Henri Remains A Heavy Rain Threat

August 23, 2021 By Hartford HealthCare


Henri continues to weaken rapidly across the Northeastern U.S. but remains a heavy rain and flood threat. A moderate risk of heavy rainfall will continue to lead to considerable flash, urban, and small stream flooding, along with the potential for widespread minor to isolated moderate river flooding over portions of Long Island, New England, eastern New York, New Jersey and northeast Pennsylvania.

Here is the latest information for Hartford HealthCare locations:

  • Neighborhood Health CareVan
    Coe Memorial Park Civic Center
    101 Litchfield Street, Torrington
    CANCELED, Monday, 8/23

Hurricane Preparedness

"Be Prepared" is a great motto for the Boy Scouts, but it’s important for everyone in a natural disaster — such as a hurricane. Hartford HealthCare has compiled these tips from many respected official sources.

1. Make a PLAN

Plan before you act. It will help you prepare and assure family members

  • Take time before the storm hits to discuss what to do with your family and neighbors
  • Find a safe space. Remember: sometimes — especially if you live on the coast or in manufactured housing — the safest space may not be your home but elsewhere in the community, such as a shelter
  • Talk about escape routes: Agree on where your family will go if you leave your home — a friend’s house in another town, a hotel, a shelter
  • Make a list of important phone numbers
  • Make sure any children know how and when to call 911
  • Think about what to do with your pets if you need to evacuate
  • Check your insurance coverage — flood damage is not usually covered by homeowners’ insurance

2. SECURE your home

Take time before the storm to keep your property safe.

  • Bring in anything that can be picked up by wind
    — lawn furniture
    — bicycles
    — lawn decorations
  • Close windows, doors and any hurricane shutters
  • Shut off any propane tanks
  • If the storm is imminent, turn refrigerators and freezers to coldest setting and keep closed as much as possible so food will stay fresh longer if power fails

3. Make a KIT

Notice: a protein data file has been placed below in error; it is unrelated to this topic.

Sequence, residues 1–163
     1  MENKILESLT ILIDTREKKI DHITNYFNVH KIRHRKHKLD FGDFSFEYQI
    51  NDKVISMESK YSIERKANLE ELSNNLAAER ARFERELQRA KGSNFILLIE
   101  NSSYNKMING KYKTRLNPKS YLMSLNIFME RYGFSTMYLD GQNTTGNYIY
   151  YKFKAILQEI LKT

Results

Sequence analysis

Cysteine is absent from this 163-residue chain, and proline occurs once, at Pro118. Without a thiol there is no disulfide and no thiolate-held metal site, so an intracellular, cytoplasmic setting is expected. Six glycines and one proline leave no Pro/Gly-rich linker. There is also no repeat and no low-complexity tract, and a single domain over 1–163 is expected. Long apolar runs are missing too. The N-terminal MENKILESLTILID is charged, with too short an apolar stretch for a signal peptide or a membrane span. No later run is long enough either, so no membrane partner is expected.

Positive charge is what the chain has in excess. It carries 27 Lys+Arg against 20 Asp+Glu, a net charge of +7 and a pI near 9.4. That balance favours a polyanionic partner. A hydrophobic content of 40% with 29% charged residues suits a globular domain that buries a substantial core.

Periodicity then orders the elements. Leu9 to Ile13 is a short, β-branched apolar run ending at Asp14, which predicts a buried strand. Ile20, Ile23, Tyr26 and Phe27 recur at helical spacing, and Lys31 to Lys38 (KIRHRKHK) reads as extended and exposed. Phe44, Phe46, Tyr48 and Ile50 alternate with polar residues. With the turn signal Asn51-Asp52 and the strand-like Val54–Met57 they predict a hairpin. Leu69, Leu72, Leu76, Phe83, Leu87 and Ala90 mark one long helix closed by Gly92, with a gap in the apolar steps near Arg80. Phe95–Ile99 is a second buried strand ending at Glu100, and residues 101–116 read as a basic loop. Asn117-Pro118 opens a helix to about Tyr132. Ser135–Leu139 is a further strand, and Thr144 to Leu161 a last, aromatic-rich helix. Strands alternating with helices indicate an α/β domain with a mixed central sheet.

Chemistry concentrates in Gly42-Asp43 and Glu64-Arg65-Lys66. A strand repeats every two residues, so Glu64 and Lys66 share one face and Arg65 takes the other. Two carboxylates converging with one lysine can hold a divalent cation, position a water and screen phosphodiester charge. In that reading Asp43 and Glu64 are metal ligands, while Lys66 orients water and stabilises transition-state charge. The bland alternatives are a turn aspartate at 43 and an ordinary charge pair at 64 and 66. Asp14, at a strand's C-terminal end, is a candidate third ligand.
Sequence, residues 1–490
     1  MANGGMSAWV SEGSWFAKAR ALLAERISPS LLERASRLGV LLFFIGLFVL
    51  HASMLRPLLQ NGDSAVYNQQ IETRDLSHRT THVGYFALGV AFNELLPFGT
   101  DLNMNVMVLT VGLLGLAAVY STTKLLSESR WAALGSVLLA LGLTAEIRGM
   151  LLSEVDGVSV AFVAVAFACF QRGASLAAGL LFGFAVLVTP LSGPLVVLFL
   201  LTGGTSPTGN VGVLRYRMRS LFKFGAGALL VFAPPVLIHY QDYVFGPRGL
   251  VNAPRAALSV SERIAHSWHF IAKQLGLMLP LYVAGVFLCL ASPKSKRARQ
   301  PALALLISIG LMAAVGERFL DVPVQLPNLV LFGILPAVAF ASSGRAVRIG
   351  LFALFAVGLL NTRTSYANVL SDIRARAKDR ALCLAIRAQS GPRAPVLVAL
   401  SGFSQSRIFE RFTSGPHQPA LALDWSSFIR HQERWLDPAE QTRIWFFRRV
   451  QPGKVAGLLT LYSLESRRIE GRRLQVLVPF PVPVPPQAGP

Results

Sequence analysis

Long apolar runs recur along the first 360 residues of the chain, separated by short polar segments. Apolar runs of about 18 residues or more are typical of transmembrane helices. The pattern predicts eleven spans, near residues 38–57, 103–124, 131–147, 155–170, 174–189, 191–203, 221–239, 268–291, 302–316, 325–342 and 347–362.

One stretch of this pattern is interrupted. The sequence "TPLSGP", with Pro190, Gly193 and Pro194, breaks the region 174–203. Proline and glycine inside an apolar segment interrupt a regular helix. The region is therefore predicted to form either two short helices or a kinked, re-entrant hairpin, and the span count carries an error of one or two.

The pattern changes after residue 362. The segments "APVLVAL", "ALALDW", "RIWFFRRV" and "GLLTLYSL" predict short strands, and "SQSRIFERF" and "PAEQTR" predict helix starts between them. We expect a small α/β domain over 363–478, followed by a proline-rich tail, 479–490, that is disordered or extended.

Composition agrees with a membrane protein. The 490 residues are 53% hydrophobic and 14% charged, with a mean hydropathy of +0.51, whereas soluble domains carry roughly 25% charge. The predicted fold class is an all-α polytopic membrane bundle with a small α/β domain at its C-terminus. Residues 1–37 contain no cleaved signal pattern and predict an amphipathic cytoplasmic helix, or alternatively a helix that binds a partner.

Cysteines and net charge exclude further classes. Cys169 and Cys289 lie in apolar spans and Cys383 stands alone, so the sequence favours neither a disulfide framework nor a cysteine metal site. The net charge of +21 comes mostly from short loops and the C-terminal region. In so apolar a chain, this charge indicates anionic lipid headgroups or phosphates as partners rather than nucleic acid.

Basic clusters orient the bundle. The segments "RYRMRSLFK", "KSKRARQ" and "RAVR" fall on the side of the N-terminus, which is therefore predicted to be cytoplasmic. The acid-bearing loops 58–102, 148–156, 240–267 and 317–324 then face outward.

Before the storm hits, make sure you have the supplies you may need

  • Water — At least a 3-day of supply; plan on 1 gallon a day per person
    Food — At least a 3-day supply of food that’s non-perishable and easy to prepare
    — non-perishable packaged or canned foods and juices
    — foods for infants or the elderly
    — non-electric can opener
    — cooking tools
    — paper plates / plastic utensils
  • First-aid kit
  • Prescription drugs: 7-day supply
  • Vehicle fuel tanks filled
  • Toiletries / personal hygiene items / moisture wipes
  • Flashlights
  • Extra batteries for flashlight and radio
  • Radio — Battery-operated or hand-crank (NOAA weather radio, if possible)
  • Phones — fully charged cell phones, with chargers
  • Blankets / pillows / sleeping bags
  • Clothing — seasonal clothes, rain gear, sturdy shoes
  • Cash (some small bills) and credit cards.
  • Keys: House, car, other
  • Copies of important documents
    — insurance, medical records, bank account numbers, Social Security card
    — put them in a waterproof container or a watertight re-sealable plastic bag
  • Tools — keep a small portable set with you during the storm
  • Map of area — for alternate routes if roads are closed
  • Camera for photos of damage
  • Special items as needed:
    — For infants/toddlers: food, diapers, wipes, toys
    — For the elderly: glasses, hearing aids, assistive devices, medications
    — For pets: food, carrier/cage, collar, muzzle, leash, medications, ID, bowl
    — For family: books, games, recreational items

For more information